Full Thyroid and Parathyroid Glands (Superior Cross-section View) Description
[Continued from above] . . . It wraps around the anterior portion of the trachea and expands significantly on the lateral sides of the trachea and larynx. The lateral masses are known as the left and right lateral lobes, while the narrower medial region is known as the isthmus.
The parathyroid glands are a collection of four round glands around the size of a grain of rice. These glands are attached to the posterior surface of the lateral lobes of the thyroid gland. Two parathyroid glands (right superior and right inferior) are attached one above the other to the right lateral lobe of the thyroid, while the other two glands (left superior and left inferior) are found on the left lobe.
The thyroid gland produces two vital metabolic hormones – triiodothyronine (T3) and thyroxine (T4). T3 and T4 are produced using iodine, with T3 containing three iodine atoms and T4 containing four. Both T3 and T4 are used to regulate the body’s metabolism by turning on practically every cell in the body and inducing them to produce proteins. The result of the increase in cellular metabolism leads to many physiological effects, including increased heart rate, tissue growth and development, body heat production, and energy consumption.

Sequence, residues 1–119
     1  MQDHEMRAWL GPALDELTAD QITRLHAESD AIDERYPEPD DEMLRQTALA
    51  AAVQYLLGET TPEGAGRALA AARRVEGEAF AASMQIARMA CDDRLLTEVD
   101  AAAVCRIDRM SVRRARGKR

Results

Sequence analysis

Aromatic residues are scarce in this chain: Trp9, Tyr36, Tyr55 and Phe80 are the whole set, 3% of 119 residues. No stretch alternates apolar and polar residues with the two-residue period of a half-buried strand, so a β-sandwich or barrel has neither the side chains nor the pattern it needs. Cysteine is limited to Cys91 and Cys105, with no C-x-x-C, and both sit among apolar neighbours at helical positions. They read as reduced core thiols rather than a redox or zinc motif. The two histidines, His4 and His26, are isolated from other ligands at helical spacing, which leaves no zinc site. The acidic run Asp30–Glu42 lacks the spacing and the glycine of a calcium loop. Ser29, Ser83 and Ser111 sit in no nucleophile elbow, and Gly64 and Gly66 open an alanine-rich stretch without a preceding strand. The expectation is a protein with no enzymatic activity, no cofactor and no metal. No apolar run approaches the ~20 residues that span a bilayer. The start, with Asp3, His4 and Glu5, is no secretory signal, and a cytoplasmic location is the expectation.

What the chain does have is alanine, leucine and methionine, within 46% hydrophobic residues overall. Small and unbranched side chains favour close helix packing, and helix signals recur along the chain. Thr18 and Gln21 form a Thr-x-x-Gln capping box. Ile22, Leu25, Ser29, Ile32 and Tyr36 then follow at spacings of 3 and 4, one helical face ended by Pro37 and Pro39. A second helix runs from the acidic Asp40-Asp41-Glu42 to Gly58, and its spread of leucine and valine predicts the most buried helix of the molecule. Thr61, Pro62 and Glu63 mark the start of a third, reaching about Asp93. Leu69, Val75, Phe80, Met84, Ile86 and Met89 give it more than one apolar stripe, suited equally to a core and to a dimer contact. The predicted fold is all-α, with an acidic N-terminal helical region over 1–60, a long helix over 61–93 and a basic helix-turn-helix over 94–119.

Calcitonin is also produced by the thyroid gland and works as an antagonist to the only hormone produced by the parathyroid glands, parathyroid hormone (PTH). These two hormones work together to maintain the vital homeostatic balance of calcium ions in the blood, which is essential to the proper function of muscle and nervous tissue. Calcitonin reduces the level of free calcium ions in the blood by reducing the absorption of calcium from food in the intestines; increasing the excretion of calcium ions in the kidneys; and decreasing the activity of osteoclast cells that break down bone matrix to release calcium ions. PTH raises calcium ion levels by increasing calcium absorption in the intestine; decreasing calcium excretion in the kidneys; and increasing the activity of osteoclasts in bones.
Prepared by Tim Taylor, Anatomy and Physiology Instructor